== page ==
Those two steps alone would make commercial unices a lot nicer to deal with. While the other UNIX variants may be more mature than Linux in the kernel department, they are DECADES behind in the user interface arena. OSX being a noteworthy exception.

    • Jettison all those crappy old AT&T utilities and replace them with their GNU counterparts.

      I thought that with AIX 5L (L for Linux compatible) that IBM had provided a GNU userland.

    • "Jettison all those crappy old AT&T utilities and replace them with their GNU counterparts."

      Yeah, what the hell does AT&T know about Unix anyway? It's not like they invented it or anything.
    • Want to make AIX (Or any of the other commercial unices) better instantly? Jettison all those crappy old AT&T utilities and replace them with their GNU counterparts.

      if by "better" you mean "worse, incompatible, and broken", sure, go ahead. the behavior of the existing tools are there in large part because loads of applications (commercial and in-house, binaries and scripts) rely on the existing behavior. further, note that the AT&T folks often omitted functionality not just because they were lazy or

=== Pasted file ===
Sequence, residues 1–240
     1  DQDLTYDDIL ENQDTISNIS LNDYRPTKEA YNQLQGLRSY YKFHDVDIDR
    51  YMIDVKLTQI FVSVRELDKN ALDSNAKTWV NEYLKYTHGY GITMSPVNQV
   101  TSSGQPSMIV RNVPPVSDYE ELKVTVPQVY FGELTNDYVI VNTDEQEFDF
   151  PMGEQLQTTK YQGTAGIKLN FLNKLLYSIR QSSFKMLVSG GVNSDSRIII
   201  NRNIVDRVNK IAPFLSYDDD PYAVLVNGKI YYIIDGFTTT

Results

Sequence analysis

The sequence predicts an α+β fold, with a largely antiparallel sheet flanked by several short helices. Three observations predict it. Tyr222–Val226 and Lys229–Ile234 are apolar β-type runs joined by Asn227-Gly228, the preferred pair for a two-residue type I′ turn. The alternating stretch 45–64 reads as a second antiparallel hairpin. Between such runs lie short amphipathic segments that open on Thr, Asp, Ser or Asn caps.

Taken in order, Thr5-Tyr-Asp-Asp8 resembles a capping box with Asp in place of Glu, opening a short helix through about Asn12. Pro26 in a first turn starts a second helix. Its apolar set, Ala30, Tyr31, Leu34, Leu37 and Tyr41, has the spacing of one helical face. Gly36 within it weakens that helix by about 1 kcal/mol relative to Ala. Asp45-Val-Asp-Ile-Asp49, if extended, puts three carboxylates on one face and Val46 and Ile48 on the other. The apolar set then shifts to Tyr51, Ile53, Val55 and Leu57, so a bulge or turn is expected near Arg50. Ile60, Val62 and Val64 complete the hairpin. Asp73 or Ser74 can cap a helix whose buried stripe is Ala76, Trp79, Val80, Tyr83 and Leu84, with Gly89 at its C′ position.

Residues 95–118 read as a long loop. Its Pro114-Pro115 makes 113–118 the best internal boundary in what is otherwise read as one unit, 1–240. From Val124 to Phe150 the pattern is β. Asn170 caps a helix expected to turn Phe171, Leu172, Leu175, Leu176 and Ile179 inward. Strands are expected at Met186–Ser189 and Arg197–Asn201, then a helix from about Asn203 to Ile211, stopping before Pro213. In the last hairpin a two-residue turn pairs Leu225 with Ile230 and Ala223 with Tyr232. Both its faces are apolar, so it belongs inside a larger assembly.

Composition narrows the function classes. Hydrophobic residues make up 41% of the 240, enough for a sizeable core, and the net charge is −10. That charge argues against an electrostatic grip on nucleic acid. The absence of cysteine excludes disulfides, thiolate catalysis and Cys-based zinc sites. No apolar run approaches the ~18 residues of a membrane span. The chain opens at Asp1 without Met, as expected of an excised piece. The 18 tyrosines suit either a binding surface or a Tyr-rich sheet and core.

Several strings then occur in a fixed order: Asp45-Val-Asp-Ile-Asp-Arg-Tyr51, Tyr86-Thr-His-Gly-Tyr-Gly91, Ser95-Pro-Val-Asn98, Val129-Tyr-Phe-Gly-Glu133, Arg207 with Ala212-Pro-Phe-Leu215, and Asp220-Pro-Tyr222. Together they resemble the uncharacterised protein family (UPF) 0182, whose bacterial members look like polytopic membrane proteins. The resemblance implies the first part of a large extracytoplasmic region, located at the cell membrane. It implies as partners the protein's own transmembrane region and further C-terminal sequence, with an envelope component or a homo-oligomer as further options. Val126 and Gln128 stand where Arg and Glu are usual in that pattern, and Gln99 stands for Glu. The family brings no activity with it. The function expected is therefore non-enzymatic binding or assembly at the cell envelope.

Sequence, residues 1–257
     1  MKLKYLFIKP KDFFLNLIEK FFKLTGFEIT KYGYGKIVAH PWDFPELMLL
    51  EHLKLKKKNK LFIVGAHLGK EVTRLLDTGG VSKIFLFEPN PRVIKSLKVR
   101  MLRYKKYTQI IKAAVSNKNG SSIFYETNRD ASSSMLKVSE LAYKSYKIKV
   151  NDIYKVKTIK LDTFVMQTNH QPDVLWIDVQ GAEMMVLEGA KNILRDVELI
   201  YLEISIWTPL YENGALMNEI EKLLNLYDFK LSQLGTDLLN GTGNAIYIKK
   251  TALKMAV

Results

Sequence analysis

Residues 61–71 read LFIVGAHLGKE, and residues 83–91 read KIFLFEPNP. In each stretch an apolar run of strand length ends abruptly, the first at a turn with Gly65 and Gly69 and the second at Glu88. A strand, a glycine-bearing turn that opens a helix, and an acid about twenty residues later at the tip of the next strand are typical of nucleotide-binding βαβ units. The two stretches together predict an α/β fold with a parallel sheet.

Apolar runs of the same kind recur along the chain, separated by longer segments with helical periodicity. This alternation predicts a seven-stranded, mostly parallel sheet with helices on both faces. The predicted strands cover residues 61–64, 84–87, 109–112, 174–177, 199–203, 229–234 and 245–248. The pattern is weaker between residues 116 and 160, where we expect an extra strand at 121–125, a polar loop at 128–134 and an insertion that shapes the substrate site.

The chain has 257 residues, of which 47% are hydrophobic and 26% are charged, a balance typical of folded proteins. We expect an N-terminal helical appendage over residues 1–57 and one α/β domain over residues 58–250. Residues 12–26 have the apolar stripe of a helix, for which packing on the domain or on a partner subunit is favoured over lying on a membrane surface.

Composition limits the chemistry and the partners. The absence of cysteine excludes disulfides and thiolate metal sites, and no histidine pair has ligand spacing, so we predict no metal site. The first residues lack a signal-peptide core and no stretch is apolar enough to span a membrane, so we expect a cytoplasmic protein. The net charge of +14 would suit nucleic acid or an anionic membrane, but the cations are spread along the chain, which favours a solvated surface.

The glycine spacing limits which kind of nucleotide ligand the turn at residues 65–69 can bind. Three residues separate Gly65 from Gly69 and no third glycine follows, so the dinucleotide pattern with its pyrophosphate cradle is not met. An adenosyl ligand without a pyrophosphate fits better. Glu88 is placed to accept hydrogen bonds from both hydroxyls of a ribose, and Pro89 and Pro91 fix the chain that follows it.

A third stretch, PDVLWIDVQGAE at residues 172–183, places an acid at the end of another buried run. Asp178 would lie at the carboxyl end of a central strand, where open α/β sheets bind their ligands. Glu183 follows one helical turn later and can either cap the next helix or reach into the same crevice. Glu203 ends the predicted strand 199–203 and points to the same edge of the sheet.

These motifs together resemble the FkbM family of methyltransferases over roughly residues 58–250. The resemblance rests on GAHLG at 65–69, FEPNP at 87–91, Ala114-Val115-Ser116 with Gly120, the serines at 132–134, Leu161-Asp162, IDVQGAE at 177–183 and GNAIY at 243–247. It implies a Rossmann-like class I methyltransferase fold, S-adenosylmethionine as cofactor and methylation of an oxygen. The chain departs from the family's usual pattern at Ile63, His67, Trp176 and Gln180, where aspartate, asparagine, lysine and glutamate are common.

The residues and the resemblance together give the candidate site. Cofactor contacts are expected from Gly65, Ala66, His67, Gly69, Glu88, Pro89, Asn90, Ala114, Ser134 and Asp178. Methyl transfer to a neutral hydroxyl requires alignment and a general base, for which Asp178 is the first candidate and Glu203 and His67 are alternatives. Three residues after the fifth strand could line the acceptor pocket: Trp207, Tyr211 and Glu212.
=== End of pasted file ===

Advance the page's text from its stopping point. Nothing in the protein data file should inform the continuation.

• As with other replies, I disagree with shifting from the the ATT apps to GNU ones for the same reasons as mentioned in another post. And if you really want a specific GNU tool, just recompile it for AIX or grab it from the AIX Toolbox.

      I do agree with you about the crappy packing system, although I personally like FreeBSD's package system, but apt is nice too.

      The thing with the AIX, and *nixes in general, is that they run on big iron. Backend stuff that needs performance, reliability and predictability o

    • Thank ya Jesus! I'm not the only one! I mean there is some REALLY basic shit that some of these commercial Unices don't have. Command history anyone? This is probably the biggest annoyance. Is it that fucking hard to make my shell support the "up" key? Is it also that fucking hard to support an "insert mode" rather than always replacing? Tab completion? It's like living in the damn stone age working on these boxes I swear. I work in a mixed environment and have to switch back and forth a lot. I can tell you